In re R.F.

Docket Number1 CA-JV 23-0152
Decision Date28 December 2023
CourtArizona Court of Appeals


Appeal from the Superior Court in Mohave County No. S8015JD202200096 The Honorable Aaron Michael Demke, Judge Pro Tempore


The Law Offices of Robert Casey, Robert Ian Casey Counsel for Appellant

Arizona Attorney General's Office, Autumn Spritzer Counsel for Appellee

Judge Cynthia J. Bailey delivered the decision of the Court, in which Presiding Judge James B. Morse Jr. and Judge Brian Y Furuya joined.


BAILEY, Judge:

¶1 Dena K. ("Mother") appeals the termination of her parental rights to R.F., R.F., and J.F. ("the children"). We affirm.


¶2 Mother is the biological parent of twins R.F. and R.F., born in 2016, and J.F., born in 2021. In June 2022, the Department of Child Safety ("DCS") received a report of "a significant domestic violence history" between Mother and the children's father ("Father").[2] DCS learned Mother had a history of substance abuse, and J.F. was born substance-exposed in Arizona. It also learned California child protection had removed the twins from Mother's care in 2016 because Mother overdosed on methamphetamine and heroin and the parents were selling drugs out of their home.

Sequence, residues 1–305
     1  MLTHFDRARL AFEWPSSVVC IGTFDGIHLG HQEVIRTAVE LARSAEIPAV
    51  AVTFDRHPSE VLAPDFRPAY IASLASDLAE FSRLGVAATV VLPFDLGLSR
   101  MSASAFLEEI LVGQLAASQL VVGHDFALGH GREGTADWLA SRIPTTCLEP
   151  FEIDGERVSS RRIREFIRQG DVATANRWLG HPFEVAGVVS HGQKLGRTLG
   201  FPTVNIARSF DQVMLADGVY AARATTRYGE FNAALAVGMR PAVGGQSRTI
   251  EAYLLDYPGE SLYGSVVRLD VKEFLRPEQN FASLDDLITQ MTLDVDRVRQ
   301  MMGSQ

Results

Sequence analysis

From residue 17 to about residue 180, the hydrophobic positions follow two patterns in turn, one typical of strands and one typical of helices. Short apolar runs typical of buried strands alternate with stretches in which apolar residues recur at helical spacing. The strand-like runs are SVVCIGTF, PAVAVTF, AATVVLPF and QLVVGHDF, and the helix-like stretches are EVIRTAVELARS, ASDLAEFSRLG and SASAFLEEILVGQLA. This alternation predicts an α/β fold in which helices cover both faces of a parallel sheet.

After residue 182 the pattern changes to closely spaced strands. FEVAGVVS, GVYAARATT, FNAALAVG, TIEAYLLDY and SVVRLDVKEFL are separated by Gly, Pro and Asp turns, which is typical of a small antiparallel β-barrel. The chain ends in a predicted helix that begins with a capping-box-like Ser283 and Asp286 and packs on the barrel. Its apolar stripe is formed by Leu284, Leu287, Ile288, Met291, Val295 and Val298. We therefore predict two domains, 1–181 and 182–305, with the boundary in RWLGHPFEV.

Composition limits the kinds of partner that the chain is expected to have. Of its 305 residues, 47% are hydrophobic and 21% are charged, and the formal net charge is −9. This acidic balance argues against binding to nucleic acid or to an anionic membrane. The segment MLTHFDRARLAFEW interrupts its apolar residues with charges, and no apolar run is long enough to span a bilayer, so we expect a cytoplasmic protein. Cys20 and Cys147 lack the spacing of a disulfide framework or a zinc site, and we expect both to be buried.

¶3 Mother had been evicted from her transitional housing for allowing Father around her and the children, in violation of her housing agreement. After its investigation, DCS reported that Father is "extremely dangerous, has a significant criminal history and is abusing methamphetamine and heroin," and Mother is "minimizing the concerns of domestic violence."

¶4 DCS removed the children from Mother's care and filed for dependency, alleging neglect, exposure to domestic violence and substance abuse. Mother did not appear at her July 2022 initial dependency hearing, and the superior court treated her failure to appear as an admission to the dependency allegations. The court found the children dependent because Mother exposed the children to domestic violence and was unwilling or unable to provide effective parental care and a safe and stable home. The court also found neglect due to substance abuse, stating Mother "minimizes her substance use and the parents have prior history with child protection in California due to substance abuse and the children were removed."